Commuters told to wear face masks as part of Boris Johnson's coronavirus plan

11 May 2020, 14:47

The government has clarified its position on face masks
The government has clarified its position on face masks. Picture: PA

By Ewan Somerville

People in England are being urged to wear face coverings in shops and on public transport as the government announced a relaxation of lockdown rules.

The Government has so far avoided advising the use of face masks or facial coverings and scientists have remained split on their benefits.

The Scottish government advised last week that facial coverings should be used on public transport and in shops.

But Downing Street has now published a new document that marks a change in its position on masks, and the London commuters are now urged to use them.

Here, we take a look at the latest official guidance on whether we should still be wearing them.

Caller asks Matt Hancock why aren't we wearing masks?

Are face masks compulsory now?

The Government has not yet made face masks mandatory, however it is now advising Brits to use them on public transport, at work and while out shopping - where social distancing is not possible.

This is a shift from its original stance which did not urge Brits to use them.

A lengthy document published by Number 10 on Monday says the new advice comes as a result of people returning to work.

“This increased mobility means the Government is now advising that people should aim to wear a face-covering in enclosed spaces where social distancing is not always possible and they come into contact with others that they do not normally meet, for example on public transport or in some shops,” it says.

The fresh guidance adds that “homemade cloth face-coverings can help reduce the risk of transmission in some circumstances”.

It says Brits should try not to use surgical face masks - such as FFP3, N95 or FFP2 - to ensure there are enough supplies on the NHS front line. This is similar to in the US, which has advised use of cloth face coverings.

It also warns that face coverings “should not be used by children under the age of two, or those who may find it difficult to manage them correctly”, such as primary school children or those with asthma.

Nicola Sturgeon recommends face coverings in shops and on public transport

Do I need to wear a face mask on public transport?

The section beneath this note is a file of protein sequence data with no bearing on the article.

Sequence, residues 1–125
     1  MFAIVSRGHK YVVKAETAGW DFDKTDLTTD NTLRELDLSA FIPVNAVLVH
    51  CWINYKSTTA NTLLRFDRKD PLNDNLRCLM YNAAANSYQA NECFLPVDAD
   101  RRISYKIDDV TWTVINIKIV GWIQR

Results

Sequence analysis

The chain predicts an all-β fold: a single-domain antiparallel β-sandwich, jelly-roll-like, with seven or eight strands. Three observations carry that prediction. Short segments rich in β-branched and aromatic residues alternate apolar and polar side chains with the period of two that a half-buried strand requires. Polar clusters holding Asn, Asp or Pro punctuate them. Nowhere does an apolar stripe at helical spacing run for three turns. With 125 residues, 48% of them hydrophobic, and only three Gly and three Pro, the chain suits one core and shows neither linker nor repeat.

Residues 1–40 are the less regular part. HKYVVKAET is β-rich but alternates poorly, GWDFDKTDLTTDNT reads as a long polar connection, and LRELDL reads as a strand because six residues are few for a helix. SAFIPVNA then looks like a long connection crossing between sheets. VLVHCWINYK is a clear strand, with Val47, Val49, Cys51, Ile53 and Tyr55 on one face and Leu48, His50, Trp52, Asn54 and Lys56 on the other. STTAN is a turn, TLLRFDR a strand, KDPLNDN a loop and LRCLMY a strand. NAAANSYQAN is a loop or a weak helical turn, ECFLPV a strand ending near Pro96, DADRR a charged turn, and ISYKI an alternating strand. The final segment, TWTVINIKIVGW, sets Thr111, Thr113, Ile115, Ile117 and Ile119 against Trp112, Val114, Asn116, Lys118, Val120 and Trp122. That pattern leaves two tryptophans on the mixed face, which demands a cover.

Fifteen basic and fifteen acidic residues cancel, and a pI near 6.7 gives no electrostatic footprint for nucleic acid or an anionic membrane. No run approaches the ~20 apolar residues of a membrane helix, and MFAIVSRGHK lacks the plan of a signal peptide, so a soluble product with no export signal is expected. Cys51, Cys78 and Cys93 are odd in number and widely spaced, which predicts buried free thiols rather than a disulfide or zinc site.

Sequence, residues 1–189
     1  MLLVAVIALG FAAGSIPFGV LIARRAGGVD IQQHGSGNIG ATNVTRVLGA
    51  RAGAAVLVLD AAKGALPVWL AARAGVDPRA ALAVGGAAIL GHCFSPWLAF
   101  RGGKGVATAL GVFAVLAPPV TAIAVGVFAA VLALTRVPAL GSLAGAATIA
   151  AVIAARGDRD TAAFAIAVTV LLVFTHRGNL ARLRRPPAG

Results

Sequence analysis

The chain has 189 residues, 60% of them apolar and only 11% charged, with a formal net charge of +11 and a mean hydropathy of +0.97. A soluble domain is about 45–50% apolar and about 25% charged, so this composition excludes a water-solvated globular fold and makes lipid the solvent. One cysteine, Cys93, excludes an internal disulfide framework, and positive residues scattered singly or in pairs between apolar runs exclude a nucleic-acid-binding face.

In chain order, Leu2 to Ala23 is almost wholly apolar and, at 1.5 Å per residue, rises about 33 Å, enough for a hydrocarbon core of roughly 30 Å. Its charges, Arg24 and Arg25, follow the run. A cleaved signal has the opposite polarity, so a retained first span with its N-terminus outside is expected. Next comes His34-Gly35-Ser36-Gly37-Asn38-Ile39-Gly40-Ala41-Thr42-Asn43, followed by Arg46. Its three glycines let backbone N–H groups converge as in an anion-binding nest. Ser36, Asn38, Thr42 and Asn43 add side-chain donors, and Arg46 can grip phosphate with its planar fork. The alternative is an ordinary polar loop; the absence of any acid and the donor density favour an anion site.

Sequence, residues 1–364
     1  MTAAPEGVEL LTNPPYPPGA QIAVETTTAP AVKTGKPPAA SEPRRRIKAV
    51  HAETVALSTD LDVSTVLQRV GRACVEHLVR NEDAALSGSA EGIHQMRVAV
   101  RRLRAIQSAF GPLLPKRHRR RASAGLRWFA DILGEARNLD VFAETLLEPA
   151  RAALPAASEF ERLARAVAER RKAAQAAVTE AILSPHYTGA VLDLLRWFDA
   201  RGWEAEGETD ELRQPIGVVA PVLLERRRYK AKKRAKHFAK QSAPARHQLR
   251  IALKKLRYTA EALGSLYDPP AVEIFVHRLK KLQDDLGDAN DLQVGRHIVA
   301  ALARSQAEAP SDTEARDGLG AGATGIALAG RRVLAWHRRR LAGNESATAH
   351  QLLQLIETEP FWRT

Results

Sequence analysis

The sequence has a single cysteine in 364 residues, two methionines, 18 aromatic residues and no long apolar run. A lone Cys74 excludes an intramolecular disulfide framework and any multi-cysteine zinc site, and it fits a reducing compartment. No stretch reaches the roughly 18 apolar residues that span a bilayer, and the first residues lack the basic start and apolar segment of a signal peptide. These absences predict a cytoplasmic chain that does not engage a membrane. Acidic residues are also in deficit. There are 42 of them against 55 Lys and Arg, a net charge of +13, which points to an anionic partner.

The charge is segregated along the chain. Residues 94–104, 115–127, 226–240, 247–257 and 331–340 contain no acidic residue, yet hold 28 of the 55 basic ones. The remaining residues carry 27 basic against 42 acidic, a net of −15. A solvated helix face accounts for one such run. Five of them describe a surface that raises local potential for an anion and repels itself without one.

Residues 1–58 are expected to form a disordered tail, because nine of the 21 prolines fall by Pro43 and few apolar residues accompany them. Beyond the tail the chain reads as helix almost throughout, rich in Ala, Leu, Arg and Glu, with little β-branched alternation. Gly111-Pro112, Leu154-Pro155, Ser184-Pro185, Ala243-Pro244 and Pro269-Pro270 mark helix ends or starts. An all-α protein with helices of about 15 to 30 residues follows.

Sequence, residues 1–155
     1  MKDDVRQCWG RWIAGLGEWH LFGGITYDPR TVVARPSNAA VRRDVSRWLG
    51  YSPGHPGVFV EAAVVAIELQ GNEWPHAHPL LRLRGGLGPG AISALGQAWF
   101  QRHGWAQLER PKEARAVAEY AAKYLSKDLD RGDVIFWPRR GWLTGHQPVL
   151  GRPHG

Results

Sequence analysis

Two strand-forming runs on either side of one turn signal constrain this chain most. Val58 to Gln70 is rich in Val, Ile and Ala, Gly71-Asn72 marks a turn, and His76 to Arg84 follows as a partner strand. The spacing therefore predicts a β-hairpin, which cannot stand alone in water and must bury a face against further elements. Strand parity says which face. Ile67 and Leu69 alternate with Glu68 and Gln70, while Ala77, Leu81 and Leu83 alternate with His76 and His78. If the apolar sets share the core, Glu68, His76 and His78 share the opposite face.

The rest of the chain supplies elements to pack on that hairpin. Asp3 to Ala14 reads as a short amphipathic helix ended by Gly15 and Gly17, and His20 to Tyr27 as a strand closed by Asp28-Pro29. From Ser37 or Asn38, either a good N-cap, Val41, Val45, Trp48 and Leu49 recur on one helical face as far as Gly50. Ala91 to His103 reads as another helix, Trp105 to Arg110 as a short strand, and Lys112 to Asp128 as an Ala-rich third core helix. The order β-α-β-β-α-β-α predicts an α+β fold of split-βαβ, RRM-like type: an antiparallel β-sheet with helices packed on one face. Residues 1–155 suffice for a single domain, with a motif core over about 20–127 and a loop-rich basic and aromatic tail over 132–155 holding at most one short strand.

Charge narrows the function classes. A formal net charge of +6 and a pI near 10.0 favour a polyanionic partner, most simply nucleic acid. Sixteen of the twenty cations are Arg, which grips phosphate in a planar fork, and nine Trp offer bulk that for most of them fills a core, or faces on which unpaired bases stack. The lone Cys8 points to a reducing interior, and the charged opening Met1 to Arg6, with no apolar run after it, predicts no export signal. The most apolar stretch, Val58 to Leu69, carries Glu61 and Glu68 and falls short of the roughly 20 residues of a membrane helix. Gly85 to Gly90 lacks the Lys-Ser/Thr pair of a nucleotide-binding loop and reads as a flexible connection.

The new Government guidance also advises Brits to wear a face covering on public transport due to social distancing not always being possible.

Transport for London has told commuters to use a facial covering on all public transport, including the London Underground, buses and taxis.

Mayor of London Sadiq Khan said: “I urge all Londoners to rethink the way they travel. Please avoid peak times, wear a non-medical covering over your nose and mouth and carry a hand sanitiser.

“[...] I am pleased that all TfL frontline staff will be offered basic face masks from today. Along with the introduction of hand sanitiser points in the coming weeks, these additional measures will further protect our heroic staff and passengers at this critical period.”

How to make your own face mask

Do face coverings work?

There is little scientific consensus over face coverings.

The Government document says that while facial coverings do not necessarily protect the wearer from catching the virus, they do help protect against transmitting the disease to others if you’re infected without symptoms.

Scientists say poorly fitted masks can let in 50 per cent of virus particles, but when made from strong fabric - such as tea towels or bedding - and well-fitted, they can be better than nothing.

However, experts say cloth masks should not be reused as this could increase the risk of infection.

A systematic review study published in the British Medical Journal concluded: “The evidence is not sufficiently strong to support widespread use of facemasks as a protective measure against Covid-19.

“However, there is enough evidence to support the use of facemasks for short periods of time by particularly vulnerable individuals when in transient higher risk situations.”